movie film review | chris tookey
 
     
     
 

Taking Liberties

 (15)
     
  Taking Liberties Review
Tookey's Rating
5 /10
 
Average Rating
7.86 /10
 
Starring
Narrators: Ashley Jensen , David Morrissey . Participants: Mark Thomas, Clare Short
Full Cast >
 

Directed by: Chris Atkins
Written by: Chris Atkins

 
 
 
Released: 2007
   
Genre: DOCUMENTARY
   
Origin: UK
   
Colour: C
   
Length: 88
 
 


 
Michael Moore has a lot to answer for. This new documentary is in his polemical tradition, and shares the fault of many in its genre by not examining the facts closely enough, or acknowledging that there are at least two sides to almost every question.
Reviewed by Chris Tookey

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Taking Liberties calls itself ďthe most important film of the decadeĒ, which immediately calls into question both the film-makersí probity and their sense of proportion. It constructs a powerful but much too familiar argument that ever since 9/11 Tony Blair has been busily dismantling our civil liberties. Some of this may be new to someone who doesnít read a newspaper or listen to the news.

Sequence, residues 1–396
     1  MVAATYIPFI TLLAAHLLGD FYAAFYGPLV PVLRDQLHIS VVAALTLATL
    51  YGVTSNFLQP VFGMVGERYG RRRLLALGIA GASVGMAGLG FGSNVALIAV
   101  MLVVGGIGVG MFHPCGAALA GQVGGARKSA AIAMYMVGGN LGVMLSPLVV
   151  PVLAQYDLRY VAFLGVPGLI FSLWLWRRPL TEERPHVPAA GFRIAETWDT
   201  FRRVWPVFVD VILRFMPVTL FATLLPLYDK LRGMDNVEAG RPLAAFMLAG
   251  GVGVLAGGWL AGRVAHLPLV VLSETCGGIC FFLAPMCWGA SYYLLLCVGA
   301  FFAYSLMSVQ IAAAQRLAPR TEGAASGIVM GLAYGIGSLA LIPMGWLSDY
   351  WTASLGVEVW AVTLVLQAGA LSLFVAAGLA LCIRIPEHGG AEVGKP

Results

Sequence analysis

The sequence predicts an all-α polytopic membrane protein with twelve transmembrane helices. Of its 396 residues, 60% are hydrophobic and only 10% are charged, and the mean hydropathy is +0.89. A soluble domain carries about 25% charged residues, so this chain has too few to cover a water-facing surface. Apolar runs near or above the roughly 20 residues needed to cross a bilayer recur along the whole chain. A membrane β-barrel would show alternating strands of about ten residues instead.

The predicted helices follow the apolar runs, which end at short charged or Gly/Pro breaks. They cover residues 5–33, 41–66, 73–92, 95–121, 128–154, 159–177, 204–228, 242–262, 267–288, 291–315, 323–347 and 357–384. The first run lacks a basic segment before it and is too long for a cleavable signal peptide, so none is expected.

It would be churlish not to sympathise with the film-makersí anxiety to retain our privacy and right to a fair trial, free speech and imprisonment without torture. It is a bit churlish of them, however, to ignore the very genuine threat of terrorism and suggest that we are all merely victims of the Prime Ministerís authoritarian tendencies.

When it comes to New Labour being brutish and economical with the truth, there is a cornucopia of evidence for the film-makers to draw upon, but they seem unable to distinguish between the significant and the trivial. They do the usual thing of pouring scorn on politicians by having a monotonously sarcastic, sub-Ian Hislop commentary, which inadvertently makes you sympathise with the person being sneered at.

Then thereís the kind of clever-clever editing which isnít all that clever Ė such as juxtaposing Blair saying that we donít live in a police state, next to footage of British police throwing their weight around. This kind of editing tactic is used to conceal the fact that the film-makers have no grounds whatever for saying that Britain is a police state. The film too often goes for the easy laugh, and cheats when it should be clarifying.

Similarly, the film fails to investigate the story in any depth. For example, they show us the police apparently over-reacting to peaceful protesters, but there is no attempt to discover why the police were behaving this way, let alone where in the chain of command the decision to do so (however daft or sensible) was made.

There is a tacit assumption that everything in Britain happens because of some edict from the Prime Minister, but no evidence is produced to support that hypothesis. And Iím quite sure Blair himself would admit ruefully that he wishes governing Britain were that easy.


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